It is a "shameful business" to hear that the vuvuzela, which is part of South African sport and customs, is mostly being made in China, says Stellenbosch University theologian and former politician Allan Boesak.

Dr Boesak was responding to questions about the World Cup at the handing over of a report on his three-year long globalisation research project to Archbishop emeritus Desmond Tutu in Cape Town today. Entitled "Dreaming a Different World", it was co-presented by Dr Johann Weusmann, vice-president of the Evangelical Reformed Church in Germany.

Dr Boesak said, while pointing to Archbishop Tutu who was wearing a Bafana Bafana sport shirt, that SA had just fought long battles to have the vuvuzela endorsed as a "part of our South African culture" in the face of complaints and attempts to get it banned at World Cup events, when the news came that it was mostly being made in China.

Earlier he had highlighted the plight of the South African textile industry, where thousands of jobs had been lost due to cheap clothing imports from China. The industry was one of the case studies taken up in the project's report.

"If the vuvuzela had been made here, how many jobs would have been saved?" Dr Boesak asked. "I cannot understand why we give in so easily to foreign pressure", when it comes to South Africa's local products.

"It makes me wonder what else is being signed away?" Dr Boesak asked.

"Dreaming a different world" is an emanation of the Accra Confession, a status confessionis drawn up in 2004 in Accra, which defined the global economic injustices leading to vast inequalities between the North and the South, or developed and developing countries, as a sin against God.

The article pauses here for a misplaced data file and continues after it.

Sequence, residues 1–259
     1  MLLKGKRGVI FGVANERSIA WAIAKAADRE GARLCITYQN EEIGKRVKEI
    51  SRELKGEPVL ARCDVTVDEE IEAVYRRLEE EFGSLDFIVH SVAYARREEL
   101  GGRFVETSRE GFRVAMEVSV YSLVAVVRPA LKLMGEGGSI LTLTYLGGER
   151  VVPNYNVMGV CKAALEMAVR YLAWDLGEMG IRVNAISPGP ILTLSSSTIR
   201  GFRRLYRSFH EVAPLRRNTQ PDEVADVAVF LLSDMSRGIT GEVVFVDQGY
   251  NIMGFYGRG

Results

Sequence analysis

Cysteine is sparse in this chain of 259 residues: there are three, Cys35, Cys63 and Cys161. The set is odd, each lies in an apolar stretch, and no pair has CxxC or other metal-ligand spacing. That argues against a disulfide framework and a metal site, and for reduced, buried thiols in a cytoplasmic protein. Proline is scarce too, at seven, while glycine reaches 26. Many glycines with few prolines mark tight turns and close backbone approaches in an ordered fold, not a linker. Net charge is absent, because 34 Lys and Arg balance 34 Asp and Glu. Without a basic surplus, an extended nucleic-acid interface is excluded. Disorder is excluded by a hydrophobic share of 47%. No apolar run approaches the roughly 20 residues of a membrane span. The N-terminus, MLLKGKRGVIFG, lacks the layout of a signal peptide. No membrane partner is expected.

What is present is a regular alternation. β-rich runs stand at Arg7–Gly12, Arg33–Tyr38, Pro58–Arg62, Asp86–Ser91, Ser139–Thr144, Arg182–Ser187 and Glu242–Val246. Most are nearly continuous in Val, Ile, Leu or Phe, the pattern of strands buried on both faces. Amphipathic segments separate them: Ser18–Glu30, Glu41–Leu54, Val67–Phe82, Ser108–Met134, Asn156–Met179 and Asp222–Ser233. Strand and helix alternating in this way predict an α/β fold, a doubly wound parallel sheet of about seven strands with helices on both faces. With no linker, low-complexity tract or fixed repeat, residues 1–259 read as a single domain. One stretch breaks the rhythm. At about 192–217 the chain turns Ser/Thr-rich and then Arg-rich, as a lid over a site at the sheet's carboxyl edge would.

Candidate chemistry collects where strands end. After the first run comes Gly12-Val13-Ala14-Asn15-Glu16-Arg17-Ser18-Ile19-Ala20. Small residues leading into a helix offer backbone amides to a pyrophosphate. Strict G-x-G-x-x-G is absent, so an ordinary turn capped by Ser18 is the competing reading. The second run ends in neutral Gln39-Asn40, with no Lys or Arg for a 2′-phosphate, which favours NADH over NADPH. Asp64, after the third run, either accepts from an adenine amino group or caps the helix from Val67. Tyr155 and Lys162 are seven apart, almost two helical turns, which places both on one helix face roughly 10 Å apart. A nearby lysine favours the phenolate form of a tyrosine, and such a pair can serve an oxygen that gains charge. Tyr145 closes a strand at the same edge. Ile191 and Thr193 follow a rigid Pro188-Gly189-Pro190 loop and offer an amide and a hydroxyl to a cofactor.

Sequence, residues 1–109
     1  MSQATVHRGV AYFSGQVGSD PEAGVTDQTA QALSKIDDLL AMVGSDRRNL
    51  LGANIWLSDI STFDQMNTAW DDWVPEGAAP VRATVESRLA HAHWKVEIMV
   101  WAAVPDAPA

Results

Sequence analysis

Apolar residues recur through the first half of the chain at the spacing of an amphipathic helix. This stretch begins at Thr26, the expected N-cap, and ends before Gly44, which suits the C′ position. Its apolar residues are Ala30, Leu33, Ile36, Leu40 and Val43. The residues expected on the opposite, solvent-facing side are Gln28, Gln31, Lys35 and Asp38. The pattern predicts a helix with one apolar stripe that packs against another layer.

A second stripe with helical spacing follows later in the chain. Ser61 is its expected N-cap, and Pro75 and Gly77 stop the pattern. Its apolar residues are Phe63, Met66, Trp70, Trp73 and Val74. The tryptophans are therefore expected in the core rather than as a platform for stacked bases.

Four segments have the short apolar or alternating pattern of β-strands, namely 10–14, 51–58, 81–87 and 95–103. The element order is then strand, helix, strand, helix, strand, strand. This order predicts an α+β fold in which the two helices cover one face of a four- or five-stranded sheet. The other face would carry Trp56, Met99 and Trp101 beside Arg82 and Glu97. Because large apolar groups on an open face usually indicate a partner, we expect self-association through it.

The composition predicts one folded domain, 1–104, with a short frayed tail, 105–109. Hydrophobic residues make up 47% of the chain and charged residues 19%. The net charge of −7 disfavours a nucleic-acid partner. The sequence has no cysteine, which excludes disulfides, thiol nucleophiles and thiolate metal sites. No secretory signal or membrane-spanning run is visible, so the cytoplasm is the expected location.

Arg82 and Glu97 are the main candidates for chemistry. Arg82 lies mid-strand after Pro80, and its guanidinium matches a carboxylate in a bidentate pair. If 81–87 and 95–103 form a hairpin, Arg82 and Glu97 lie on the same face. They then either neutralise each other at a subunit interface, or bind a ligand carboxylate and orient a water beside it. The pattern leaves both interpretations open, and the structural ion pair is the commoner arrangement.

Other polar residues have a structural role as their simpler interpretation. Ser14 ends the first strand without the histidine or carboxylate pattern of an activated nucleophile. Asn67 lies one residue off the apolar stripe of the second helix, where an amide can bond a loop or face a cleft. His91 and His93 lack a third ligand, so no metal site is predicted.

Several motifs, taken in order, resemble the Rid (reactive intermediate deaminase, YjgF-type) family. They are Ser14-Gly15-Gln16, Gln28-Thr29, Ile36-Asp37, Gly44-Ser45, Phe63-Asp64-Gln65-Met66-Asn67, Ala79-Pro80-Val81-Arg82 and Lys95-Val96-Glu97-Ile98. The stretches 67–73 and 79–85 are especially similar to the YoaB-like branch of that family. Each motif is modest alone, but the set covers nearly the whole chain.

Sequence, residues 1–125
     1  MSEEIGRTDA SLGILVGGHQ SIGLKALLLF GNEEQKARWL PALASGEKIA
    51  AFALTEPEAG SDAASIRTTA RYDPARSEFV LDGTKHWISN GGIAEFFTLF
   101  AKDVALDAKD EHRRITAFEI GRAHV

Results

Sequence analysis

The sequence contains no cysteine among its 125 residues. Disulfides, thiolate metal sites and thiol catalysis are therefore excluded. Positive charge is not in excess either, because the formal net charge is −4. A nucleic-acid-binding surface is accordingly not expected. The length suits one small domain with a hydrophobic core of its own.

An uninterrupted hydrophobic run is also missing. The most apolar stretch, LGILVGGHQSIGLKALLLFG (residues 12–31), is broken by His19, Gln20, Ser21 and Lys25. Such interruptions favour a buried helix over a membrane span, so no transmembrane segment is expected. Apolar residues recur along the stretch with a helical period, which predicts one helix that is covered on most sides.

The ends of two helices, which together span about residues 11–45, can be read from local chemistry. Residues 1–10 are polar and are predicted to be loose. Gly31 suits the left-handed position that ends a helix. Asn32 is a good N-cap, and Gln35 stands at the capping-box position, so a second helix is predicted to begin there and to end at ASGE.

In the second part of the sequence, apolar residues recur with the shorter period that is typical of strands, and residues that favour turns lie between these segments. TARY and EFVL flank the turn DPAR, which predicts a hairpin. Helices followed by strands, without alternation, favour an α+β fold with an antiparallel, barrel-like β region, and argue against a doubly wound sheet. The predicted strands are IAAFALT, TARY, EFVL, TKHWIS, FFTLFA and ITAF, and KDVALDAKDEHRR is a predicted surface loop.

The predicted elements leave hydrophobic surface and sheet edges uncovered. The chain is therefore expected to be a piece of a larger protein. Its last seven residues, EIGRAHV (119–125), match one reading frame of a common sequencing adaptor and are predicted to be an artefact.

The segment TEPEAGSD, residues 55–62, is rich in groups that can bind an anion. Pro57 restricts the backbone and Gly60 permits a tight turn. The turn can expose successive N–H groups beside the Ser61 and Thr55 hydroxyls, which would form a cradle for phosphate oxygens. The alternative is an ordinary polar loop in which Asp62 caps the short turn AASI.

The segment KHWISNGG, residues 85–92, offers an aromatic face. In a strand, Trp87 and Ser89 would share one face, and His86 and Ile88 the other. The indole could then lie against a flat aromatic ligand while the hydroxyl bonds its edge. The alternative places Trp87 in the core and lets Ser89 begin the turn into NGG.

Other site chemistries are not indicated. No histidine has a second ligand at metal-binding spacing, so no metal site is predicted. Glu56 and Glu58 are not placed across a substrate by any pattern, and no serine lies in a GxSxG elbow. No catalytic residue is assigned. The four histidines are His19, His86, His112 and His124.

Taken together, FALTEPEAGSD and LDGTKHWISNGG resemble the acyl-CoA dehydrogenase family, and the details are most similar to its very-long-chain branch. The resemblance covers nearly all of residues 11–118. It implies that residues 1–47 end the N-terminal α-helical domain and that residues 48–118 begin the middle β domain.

The Accra Confession was re-endorsed last week during the launch of the new 80-million strong World Council of Reformed Churches as part of the articles of faith that every member has to adopt, along with the Belhar Confession against apartheid, in which Dr Boesak was the driving force.

The Evangelical Reformed Church in Germany embarked on a project to study the effects of globalisation in the context of the Accra Confession in 2007, and decided to partner up with the Uniting Reformed Church in SA to get a proper perspective from a developing country.

Both Dr Boesak and Dr Weusmann admitted there were strong disagreements, but that these had been sorted out over the past six months. "Both churches have now accepted this as our common good. We realise it is unfinished business, because this report won't change the world."

Much of the "very activist" report is devoted to economic issues, and is explicitly meant as ammunition in what is seen as the battle against domination of a world financial elite that is operating according to an "empire logic". Just as Christ rose against the Roman empire, it is the duty of Christians to resist the new global capitalist empire, its writers say.

Separate chapters are devoted to the global food crisis, financial markets ("closing the financial casino"), global water affairs, ecology and militarism. It sets out a detailed programme for international controls for "breaking the dominance of financial markets over the real economy".

Archbishop Tutu put the report in the context of climate change, saying the countries "most responsible for devastating changes are the least vulnerable to the consequences, of which the price is being paid by the poor and the weak".

He also raised the matter of the Russian spy arrests in the US. "It was like a replay of an old movie. We thought we had moved on to greater equality, that we would all work together, but the end of the Cold War had filled us with false hope."